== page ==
Should cancer doctors be paid more when more expensive cancer drugs are given? Absolutely not! Yet the government has been doling out money this way for years. Medicare Part B pays for drugs. When cancer doctors or oncologists administer chemotherapy in their office, they are currently paid about 6% of the price of the drug plus a little more.

What that means is that if the oncologist chooses a drug which costs say $ 100 he or she will be paid $6 (plus a small standard fee). Choose another drug which has been approved to treat the same cancer that costs $1000 and the fee is now $60. To make matters worse when oncologists are employed by hospitals (which is now more often the case rather than independent practices), there is pressure from administration to order the more expensive drug.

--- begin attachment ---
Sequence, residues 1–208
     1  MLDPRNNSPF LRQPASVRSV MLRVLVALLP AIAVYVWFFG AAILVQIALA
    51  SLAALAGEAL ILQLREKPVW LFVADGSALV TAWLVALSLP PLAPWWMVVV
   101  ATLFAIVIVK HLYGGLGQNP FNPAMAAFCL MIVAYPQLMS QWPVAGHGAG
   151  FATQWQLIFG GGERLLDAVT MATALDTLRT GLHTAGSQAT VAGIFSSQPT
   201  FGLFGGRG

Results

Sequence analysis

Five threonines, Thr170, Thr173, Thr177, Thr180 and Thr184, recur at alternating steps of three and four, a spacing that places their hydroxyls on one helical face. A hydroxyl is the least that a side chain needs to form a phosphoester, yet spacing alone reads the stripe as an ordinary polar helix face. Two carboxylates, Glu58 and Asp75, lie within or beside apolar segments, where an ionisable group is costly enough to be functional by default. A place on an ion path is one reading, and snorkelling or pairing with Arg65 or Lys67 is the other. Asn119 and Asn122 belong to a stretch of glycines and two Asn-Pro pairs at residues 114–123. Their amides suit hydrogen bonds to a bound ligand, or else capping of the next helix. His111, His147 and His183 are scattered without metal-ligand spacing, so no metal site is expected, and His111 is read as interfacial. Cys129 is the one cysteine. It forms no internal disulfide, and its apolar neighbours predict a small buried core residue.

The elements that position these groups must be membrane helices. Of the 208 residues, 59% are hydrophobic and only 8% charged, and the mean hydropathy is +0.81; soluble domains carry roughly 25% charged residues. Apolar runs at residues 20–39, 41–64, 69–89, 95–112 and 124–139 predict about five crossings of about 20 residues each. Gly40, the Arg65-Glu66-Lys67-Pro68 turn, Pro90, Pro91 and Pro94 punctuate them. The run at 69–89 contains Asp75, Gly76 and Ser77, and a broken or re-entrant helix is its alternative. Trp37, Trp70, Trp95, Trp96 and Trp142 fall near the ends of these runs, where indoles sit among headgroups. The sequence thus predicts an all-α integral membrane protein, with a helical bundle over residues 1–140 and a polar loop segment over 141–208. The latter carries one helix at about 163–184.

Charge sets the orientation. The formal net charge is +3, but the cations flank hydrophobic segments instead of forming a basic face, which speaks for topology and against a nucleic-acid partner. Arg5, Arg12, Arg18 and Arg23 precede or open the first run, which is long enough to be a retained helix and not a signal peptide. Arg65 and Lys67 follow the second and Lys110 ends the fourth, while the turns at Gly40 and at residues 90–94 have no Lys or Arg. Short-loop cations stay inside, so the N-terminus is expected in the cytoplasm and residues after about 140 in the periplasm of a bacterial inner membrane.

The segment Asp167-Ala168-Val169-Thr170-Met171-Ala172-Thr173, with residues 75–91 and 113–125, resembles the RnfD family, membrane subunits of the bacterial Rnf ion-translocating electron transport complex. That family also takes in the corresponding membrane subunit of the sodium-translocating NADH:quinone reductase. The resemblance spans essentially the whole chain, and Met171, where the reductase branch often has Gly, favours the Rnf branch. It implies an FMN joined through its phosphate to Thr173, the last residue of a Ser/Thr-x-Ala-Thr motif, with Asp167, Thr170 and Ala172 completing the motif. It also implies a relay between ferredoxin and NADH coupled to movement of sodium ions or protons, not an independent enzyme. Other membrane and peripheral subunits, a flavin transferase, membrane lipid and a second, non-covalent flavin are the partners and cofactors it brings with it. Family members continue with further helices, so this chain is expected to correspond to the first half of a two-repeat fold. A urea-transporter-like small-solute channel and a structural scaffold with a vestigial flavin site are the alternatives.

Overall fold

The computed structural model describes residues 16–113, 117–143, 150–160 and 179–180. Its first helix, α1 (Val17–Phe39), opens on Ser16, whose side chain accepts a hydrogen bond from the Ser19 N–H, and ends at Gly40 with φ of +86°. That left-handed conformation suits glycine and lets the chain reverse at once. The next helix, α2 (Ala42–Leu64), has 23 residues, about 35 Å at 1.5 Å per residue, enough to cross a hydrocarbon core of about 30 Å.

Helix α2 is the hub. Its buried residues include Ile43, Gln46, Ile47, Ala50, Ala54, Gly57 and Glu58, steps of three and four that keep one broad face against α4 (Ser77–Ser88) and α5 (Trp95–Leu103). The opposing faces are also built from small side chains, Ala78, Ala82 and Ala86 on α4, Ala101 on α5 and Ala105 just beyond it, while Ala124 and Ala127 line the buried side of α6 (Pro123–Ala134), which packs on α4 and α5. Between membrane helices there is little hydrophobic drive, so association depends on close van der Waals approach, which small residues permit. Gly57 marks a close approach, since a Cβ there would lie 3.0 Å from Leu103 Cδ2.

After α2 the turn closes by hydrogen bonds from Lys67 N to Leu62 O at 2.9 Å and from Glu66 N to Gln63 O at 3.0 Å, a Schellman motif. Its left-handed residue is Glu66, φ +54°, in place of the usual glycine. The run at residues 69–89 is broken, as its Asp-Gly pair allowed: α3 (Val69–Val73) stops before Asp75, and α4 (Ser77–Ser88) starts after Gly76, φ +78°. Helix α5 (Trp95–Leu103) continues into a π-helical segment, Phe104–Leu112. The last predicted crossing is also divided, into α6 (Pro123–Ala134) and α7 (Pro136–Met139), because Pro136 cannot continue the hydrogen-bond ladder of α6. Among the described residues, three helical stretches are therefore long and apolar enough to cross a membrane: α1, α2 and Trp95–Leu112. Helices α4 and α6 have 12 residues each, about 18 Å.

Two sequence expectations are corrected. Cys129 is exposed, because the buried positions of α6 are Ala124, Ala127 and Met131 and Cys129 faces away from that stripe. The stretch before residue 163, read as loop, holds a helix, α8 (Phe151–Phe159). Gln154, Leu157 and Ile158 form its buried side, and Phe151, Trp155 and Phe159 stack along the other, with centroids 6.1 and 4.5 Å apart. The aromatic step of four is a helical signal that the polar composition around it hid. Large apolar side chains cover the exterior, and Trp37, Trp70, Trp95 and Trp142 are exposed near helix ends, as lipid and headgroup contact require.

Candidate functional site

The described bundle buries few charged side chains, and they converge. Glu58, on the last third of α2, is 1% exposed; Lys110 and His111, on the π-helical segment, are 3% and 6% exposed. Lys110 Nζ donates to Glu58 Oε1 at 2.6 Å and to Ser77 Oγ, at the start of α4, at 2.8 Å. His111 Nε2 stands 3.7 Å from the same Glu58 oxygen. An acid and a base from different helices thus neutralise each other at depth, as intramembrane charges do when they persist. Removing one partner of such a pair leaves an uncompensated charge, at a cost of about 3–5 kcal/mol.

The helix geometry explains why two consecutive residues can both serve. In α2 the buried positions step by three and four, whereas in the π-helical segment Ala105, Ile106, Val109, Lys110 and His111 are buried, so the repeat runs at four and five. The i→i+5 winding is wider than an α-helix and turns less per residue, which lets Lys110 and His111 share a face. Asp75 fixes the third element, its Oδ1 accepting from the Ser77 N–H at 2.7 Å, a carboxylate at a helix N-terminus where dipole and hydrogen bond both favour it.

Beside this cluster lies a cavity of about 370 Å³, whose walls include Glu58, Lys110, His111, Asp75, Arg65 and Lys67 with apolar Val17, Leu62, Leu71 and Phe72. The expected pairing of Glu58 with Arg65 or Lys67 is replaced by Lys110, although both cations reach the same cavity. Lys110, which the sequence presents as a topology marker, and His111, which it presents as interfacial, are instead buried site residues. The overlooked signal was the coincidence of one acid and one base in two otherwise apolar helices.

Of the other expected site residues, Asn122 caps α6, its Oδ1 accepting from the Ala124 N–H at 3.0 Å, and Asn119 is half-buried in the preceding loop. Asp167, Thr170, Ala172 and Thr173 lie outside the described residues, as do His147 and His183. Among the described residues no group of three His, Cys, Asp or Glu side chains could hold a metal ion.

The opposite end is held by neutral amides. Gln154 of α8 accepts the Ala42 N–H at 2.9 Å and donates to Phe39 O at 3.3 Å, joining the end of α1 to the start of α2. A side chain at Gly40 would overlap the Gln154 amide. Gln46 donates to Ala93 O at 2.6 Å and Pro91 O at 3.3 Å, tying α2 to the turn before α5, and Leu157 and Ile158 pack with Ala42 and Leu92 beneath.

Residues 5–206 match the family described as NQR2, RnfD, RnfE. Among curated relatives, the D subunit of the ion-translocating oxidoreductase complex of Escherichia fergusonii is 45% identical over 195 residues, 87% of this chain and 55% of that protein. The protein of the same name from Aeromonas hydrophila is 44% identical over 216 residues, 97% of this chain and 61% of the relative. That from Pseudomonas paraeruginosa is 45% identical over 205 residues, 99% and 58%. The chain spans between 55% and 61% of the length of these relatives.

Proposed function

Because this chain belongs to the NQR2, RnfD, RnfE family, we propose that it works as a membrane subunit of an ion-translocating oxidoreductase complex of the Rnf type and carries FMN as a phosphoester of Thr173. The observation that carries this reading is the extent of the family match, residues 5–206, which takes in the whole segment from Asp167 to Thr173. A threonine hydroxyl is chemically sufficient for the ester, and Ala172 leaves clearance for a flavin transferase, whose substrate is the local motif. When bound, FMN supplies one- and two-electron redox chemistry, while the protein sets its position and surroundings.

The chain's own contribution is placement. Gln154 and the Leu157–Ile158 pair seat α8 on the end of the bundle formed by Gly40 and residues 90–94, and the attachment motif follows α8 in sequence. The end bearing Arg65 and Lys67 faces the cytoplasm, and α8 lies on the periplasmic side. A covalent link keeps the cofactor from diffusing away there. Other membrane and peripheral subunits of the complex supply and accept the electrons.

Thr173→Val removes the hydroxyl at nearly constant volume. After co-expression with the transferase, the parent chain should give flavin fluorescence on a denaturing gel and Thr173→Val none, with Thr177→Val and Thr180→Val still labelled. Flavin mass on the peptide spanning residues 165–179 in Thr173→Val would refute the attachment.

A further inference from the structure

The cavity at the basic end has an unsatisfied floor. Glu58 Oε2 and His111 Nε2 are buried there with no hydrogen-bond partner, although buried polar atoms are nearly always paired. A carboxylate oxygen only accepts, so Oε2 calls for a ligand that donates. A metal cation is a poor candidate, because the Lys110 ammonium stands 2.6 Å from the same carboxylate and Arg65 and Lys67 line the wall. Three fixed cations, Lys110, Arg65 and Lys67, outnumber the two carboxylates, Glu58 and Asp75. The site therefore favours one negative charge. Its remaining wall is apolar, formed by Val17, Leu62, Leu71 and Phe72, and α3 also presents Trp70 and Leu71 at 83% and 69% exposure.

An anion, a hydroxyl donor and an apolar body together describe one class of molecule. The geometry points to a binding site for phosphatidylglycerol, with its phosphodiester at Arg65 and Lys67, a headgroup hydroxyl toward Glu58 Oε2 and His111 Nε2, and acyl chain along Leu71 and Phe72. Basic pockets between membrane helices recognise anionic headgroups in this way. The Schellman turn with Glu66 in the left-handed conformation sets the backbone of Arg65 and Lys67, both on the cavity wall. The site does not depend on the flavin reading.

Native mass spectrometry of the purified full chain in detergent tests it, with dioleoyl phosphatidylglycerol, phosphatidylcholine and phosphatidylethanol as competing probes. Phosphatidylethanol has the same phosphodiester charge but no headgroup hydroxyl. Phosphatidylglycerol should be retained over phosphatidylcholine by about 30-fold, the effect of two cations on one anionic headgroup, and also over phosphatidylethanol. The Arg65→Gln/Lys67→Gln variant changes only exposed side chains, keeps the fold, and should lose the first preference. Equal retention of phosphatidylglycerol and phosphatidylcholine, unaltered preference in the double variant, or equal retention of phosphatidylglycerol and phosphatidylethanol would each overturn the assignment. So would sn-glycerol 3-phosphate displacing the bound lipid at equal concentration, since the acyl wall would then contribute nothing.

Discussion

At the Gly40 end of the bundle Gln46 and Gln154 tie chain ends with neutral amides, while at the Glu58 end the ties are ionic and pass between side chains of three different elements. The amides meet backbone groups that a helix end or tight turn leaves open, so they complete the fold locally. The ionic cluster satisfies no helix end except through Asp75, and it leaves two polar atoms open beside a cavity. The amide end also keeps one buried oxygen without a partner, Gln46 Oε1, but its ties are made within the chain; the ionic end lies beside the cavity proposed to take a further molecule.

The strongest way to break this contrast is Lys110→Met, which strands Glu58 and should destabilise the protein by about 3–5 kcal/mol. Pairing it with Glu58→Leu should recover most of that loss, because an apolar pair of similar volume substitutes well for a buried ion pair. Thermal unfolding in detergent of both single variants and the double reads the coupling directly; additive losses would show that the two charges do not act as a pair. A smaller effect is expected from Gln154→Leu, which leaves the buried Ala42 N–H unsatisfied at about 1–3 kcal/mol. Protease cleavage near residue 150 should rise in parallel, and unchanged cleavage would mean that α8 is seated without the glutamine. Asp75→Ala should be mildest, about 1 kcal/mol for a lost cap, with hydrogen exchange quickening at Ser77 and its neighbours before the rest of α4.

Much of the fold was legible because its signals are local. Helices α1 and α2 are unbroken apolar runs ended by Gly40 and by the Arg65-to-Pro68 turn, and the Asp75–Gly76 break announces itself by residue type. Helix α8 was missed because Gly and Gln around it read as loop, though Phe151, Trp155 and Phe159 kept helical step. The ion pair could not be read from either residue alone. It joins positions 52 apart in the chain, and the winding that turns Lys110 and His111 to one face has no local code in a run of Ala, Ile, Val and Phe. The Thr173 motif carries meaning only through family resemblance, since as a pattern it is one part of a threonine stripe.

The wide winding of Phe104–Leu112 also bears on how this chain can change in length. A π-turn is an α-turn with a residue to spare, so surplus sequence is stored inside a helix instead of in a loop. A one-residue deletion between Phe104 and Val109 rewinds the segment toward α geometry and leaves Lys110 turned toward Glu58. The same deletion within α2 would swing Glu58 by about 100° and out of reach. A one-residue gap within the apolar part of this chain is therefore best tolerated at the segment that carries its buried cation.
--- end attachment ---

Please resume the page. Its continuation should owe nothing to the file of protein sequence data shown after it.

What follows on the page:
Whether the more expensive drug actually works better becomes not as important as what the bottom line is. Medicare, to its credit, realizes this and is trying to change the way it pays oncologists. One proposal would pay a much smaller percentage of the drug price at about 2% and pay a much larger fixed fee, which would not vary based on the price.

What this would do is reduce the financial incentive so that doctors can make decisions about which drug to use based on which is most effective with the least side effects rather than which one lines his or the hospital’s pockets the most.

Expect to hear some noise from drug manufacturers, who of course would prefer docs to administer the Porsche rather than the Hyundai version of any given chemotherapy.